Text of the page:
Postgraduate Course: Equitation Science (EQSC11033)
|School||Royal (Dick) School of Veterinary Studies
||College||College of Medicine and Veterinary Medicine
|Credit level (Normal year taken)||SCQF Level 11 (Postgraduate)
||Availability||Available to all students
|Summary||Equitation science promotes an objective, evidence-based understanding of the welfare of horses during training and competition by applying valid, quantitative scientific methods that can identify training techniques which are ineffective or may result in problems with equine welfare.
The course is designed to further develop the student's scientific skills and ability to utilise scientific theory in Equitation Science.
There is an emerging recognition of the importance of the integration of underpinning scientific principles of learning in equitation and recognition that this can both enhance the performance and improve the welfare of competition horses.
Two aspects of the emerging discipline of Equitation Science are crucial to the improvement of equine welfare. Firstly, the underpinning of both horse and human/rider training with learning theory and, secondly, the use of technology to provide objective data for traditionally subjective measures (eg. saddle pressures, rein tension/contact, stride length, weight distribution). There is a clear need for tertiary level Equitation Science education in order to produce graduates capable encouraging sound ethical practice and scientific rigour within the equine sector.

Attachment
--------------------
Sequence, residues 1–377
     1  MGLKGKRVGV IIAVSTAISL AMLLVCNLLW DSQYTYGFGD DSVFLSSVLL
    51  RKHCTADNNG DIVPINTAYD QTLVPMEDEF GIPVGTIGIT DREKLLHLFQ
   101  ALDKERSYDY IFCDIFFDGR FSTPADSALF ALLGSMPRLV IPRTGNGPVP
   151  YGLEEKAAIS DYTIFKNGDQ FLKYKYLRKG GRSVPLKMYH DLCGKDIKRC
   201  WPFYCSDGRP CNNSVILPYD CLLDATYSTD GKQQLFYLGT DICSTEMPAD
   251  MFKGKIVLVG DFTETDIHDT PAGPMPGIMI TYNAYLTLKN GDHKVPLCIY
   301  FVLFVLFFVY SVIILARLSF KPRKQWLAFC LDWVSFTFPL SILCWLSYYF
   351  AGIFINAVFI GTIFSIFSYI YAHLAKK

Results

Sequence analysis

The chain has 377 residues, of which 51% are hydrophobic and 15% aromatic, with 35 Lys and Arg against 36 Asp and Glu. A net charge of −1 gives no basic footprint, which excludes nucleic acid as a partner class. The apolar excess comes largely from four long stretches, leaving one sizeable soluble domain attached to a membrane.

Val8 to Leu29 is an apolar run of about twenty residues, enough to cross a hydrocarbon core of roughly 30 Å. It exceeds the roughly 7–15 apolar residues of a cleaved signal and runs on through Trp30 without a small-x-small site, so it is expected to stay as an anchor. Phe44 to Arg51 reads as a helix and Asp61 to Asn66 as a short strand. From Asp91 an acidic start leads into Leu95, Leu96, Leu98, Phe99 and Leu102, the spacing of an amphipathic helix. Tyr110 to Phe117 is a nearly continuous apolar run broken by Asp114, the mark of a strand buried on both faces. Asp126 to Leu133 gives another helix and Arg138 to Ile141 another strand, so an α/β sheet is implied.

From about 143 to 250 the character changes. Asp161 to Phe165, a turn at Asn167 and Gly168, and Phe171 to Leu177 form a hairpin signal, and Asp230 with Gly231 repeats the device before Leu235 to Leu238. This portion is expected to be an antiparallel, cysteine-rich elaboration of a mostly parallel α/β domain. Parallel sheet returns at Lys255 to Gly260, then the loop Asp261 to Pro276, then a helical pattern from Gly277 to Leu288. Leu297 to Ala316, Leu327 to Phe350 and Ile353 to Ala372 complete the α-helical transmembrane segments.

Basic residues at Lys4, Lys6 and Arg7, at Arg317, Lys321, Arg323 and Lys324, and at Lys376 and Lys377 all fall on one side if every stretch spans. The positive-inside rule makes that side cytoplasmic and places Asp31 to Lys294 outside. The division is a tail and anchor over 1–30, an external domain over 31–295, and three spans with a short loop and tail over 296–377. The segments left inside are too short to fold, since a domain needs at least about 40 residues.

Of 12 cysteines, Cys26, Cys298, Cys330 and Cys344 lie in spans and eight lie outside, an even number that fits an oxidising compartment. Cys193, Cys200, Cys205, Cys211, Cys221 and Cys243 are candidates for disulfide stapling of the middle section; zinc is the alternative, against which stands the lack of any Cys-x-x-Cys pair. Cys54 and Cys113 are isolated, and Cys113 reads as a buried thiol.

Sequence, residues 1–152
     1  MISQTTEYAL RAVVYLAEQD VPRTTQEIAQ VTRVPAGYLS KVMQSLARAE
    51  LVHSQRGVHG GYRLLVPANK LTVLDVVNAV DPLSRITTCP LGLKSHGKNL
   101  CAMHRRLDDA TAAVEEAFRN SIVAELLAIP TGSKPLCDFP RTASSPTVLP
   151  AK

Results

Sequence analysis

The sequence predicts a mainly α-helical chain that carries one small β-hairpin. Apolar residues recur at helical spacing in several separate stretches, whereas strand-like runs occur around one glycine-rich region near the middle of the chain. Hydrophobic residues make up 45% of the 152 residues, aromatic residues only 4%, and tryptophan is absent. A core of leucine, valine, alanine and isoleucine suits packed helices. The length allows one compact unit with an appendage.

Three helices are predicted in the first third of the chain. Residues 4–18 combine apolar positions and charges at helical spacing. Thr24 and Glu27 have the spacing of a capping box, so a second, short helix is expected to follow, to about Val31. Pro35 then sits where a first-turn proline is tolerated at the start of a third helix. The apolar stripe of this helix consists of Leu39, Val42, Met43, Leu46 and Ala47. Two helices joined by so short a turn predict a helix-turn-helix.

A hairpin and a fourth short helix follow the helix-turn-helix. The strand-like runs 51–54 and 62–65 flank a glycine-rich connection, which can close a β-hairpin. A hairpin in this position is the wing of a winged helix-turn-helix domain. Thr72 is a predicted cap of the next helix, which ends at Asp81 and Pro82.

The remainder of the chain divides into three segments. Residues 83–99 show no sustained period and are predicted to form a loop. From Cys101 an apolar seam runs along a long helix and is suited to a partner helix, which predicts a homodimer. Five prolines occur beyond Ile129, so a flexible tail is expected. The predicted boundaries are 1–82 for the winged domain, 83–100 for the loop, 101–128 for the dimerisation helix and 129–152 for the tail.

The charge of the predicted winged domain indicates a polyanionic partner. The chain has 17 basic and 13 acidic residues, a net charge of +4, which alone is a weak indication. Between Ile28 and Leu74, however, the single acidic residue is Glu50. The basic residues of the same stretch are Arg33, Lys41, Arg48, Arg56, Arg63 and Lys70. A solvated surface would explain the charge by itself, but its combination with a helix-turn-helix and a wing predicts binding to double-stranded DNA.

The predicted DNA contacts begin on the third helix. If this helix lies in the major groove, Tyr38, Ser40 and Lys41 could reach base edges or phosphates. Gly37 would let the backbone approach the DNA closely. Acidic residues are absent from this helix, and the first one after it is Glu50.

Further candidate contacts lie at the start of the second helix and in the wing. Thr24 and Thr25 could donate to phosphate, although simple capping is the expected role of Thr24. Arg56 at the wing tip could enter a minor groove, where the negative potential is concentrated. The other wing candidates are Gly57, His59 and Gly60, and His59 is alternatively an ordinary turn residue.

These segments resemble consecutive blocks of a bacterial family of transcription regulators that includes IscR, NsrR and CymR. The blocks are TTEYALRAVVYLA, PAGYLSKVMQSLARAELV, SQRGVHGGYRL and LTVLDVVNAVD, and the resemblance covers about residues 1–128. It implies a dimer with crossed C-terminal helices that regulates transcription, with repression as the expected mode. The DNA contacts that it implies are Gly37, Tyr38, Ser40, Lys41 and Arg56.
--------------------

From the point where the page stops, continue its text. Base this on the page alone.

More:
Entry Requirements (not applicable to Visiting Students)
||Other requirements|| None
Information for Visiting Students
|High Demand Course?
Course Delivery Information
|Not being delivered|
On completion of this course, the student will be able to:
- Explain the importance of developing and applying an evidence based approach in equitation.
- Critically appraise the different elements of learning theory as applied to the training and use of equines in their interaction with humans.
- Evaluate the effects of the human/rider on the training and welfare of equines.
- Assess various techniques and technology used in the objective measurement of the impact of training methods, equipment and humans on horses including measurement of: saddle pressures, rein tension/contact, stride length, weight distribution and judging.
|Graduate Attributes and Skills
|Course organiser||Mrs Bryony Lancaster
Tel: (0131 6)50 8783
|Course secretary||Mrs Elizabeth Wright
Tel: (0131 6)50 6272